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Five Confidence Busters For Junior Tennis Players

"Part One" Patrick J. Cohn

Mental game skills are critical to succeeding in tennis. They build self-confidence, the top tennis players rely on their self-confidence to push through adversity, take risks and continue to work on their game. Self-confidence can also make young athletes feel successful in tennis by helping them overcome doubts.

It’s important to understand what destroys a young tennis athlete’s confidence. Here are some quotes from kids and teens about what undermines their confidence or their belief in their abilities:.

“I take on my team’s errors,” says Kevin, age 13, a baseball, hockey and tennis player. “If someone steals home base, I assume it’s my fault. I’m really hard on myself. I get real down on myself.”

“The major problem is my parents,” says Lauren, a 12-year-old who plays soccer, Lacrosse, basketball and tennis.

“Dad’s cheering embarrasses me. Just before I shoot in soccer, he yells, ‘Pull the trigger!’ It’s so awful.”

“I’m naturally not good at sports,” says Robbie, age 12, who fences. “I don’t have the right body. I’m weak, have no muscles and can barely lift 10 pounds.”

“I wonder if I am going to shoot a good round of golf before I start. I doubt I can stack up to the competition and if I am good enough,” says Erica, age 15.

Generally, young tennis players say they feel more confident when they:

  • Have many successful experiences in practice and games
  • Feel support from friends or family members
  • Attend practices
  • Perform well in practice
  • Have access to good coaches
  • Have access to good equipment
  • Are fit
  • Eat well
  • Are mentally prepared
  • Believe they have strong physical abilities

Tennis kids’ confidence is linked in large part to the kind of “input” they give themselves or receive from coaches, parents, or teammates. It’s also affected by their past performances. Here are tennis kids’ top five confidence killers:

1). Holding high expectations

Tennis kids with high expectations generally experience “all or nothing” thinking. They may tell themselves, “I should not double fault,” an expectation that even pro athletes wouldn’t impose on themselves! When athletes have extremely high expectations, they set themselves up for feeling like they failed.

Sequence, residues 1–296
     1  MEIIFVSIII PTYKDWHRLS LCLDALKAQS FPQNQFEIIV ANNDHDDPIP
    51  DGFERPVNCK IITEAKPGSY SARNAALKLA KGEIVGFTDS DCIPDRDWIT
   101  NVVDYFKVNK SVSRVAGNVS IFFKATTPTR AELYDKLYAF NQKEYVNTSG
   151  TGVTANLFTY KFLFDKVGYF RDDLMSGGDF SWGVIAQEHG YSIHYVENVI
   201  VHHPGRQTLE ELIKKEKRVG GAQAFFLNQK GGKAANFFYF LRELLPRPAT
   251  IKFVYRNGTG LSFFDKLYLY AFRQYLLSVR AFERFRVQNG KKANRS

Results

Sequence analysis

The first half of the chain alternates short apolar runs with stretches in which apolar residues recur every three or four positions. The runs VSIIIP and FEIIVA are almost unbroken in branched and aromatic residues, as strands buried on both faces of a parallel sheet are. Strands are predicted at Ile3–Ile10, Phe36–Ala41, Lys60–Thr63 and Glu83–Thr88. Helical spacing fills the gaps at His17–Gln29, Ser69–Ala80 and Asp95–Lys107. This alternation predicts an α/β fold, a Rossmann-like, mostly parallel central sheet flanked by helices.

2). Being a perfectionist

Perfectionists cripple their confidence by expecting to have a perfect match, experience a mistake-free performance or win the match 6-0, 6-0. Such accomplishments are rare in tennis, but perfectionists aim for them. Perfectionists are hard on themselves and criticize their slightest mistakes. They analyze each point in minute detail, focusing on their bad racquet preparation, terrible footwork and horrible shots. They have a hard time enjoying tennis because they’re so determined to perform without making mistakes.

3). Harboring self-doubt

Young tennis athletes who doubt their abilities are often nervous, anxious or fearful. That’s not to say that even top athletes experience doubt at times. Young tennis athletes whose self-doubt hurts their confidence may feel inadequate, unable to perform when others are watching--such as a coach, parent or official- inferior to the competition, or may become hesitant when faced with adversity or opposition. For example they may become nervous when they must win a third set or tiebreak to win the match.

4). Holding on to negative feedback

Some athletes are particularly sensitive to negative feedback from parents or instructors. They hold onto it and it turns into their own negative voice inside their head. They might tell themselves, “Everyone thinks I stink, so I must stink.” They may do this after a coach focuses only on their mistakes, when parents point out only the down side of their performance, or when opponents criticize them.

5). Failing to believe in self

When young tennis players don’t believe in themselves, they question their ability to perform. They ask themselves, “Did I practice hard enough this week?” or other questions. Self-doubt is the most damaging to an athlete’s confidence. For example, some young athletes doubt their ability to execute a backhand down the line but still manage to hit the shot they had intended. Athletes who don’t believe in themselves often have defeatist attitudes and use negative labels to describe themselves such as “I can’t finish off my tennis matches.” They wonder why tennis is worth the effort, since the outcome will likely be failure.

In our next article, I’ll talk about Confidence Busters 6-10.

Dr. Patrick J. Cohn is a mental game coach to nationally-ranked junior tennis players and many professional athletes. Please visit Sports Psychology for Tennis for more tips and articles on tennis psychology.


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